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#51091 - 04/17/08 05:39 PM Sephoras No! No!
Form Offline
Contributor

Registered: 04/17/08
Posts: 11
Seen the Sephora No!-No! being touted as a good hair removal product that will reduce hair growth permanently. I've read many testimonials attesting to its effectiveness on internet product reviews.
Is this product good to go or what? And by what technique does this thing remove hair by? Ive already searched for the No!No! on this site and all I get is three different forums saying its no good, backed by ZERO qualification.

Only answer if you have somthing more to say than, "its no good, we already talked about it".
And if you did already talk about it show me a link.

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#51147 - 04/18/08 11:05 AM Re: Sephoras No! No! [Re: Form]
James W. Walker VII Offline

Top 10 Contributor

Registered: 06/03/02
Posts: 8041
Loc: Buffalo NY, & Traveling the US...
here is what the company says about this particular version of their product:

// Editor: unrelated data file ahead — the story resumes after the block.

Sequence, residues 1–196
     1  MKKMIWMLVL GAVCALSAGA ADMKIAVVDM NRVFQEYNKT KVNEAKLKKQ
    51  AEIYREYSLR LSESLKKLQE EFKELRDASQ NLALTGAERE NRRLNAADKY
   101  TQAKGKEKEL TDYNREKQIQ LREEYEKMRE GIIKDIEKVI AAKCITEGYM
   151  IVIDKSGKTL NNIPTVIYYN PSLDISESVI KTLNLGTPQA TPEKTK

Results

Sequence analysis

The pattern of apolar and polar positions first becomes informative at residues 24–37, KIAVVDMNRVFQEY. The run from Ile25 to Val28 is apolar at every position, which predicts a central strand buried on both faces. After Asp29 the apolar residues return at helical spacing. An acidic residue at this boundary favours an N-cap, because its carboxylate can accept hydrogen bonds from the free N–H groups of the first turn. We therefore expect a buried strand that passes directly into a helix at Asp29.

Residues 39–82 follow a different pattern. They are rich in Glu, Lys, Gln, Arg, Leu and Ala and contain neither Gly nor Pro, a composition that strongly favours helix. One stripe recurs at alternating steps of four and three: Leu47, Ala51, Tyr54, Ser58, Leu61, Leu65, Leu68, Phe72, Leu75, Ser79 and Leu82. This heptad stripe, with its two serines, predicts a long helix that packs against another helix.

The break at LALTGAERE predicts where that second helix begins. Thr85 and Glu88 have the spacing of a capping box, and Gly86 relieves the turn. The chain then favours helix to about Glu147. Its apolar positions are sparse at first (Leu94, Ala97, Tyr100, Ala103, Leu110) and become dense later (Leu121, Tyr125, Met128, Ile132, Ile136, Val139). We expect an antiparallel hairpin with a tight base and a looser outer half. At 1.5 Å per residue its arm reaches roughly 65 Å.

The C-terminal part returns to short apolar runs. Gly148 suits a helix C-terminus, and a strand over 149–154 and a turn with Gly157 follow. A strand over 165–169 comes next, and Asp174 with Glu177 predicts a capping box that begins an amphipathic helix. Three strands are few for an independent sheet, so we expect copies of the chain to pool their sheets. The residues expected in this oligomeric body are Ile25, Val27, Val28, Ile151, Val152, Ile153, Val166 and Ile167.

http://www.my-no-no.com/html/technology.htm
compare that with this page on our sister site
http://www.hairfacts.com/methods/etweezer.html

Hair is not a conductor of electricity, nor a very good conduit of heat energy. the growth cells that need to be targeted for permanent hair removal are located in the LOWER portion of the follicle, so blasting the upper portion of the hair, and or hair follicle may cut the hair off at, or just below the skin's surface, but won't provide permanent hair removal, as it will not disturb the germative growth cells in the lower reaches of the hair structure. This is why Probe/Needle Electrolysis inserts a fine wire probe into the follicle so that it is placing the treatment energy directly at the place that needs to be treated in order to effect permanent change in the body tissues.

But I am sure you find even this explanation to be lacking.

Just buy it and tell us how you feel about the results 3 to 6 months after using the product as directed. Then make sure to follow up with the before, during and one year after shots of the treated area.
_________________________
http://www.executiveclearance.com/beforeandafter.html
Setting a goal is not the main thing. It is deciding how you will go about achieving it and staying with that plan. --- Tom Landry
Has this site helped you? Pay it forward. Donate to keep HairTell & Hairfacts Online at http://www.hairfacts.com/feedback/support-this-site/

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#51160 - 04/18/08 03:31 PM Re: Sephoras No! No! [Re: James W. Walker VII]
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Registered: 04/17/08
Posts: 11
Well thanks for your reply. Yes, the whole transference of heat through the follicle thing seems a little dubious, yet if hair was total nonconductor of heat, laser hair removal wouldn't work.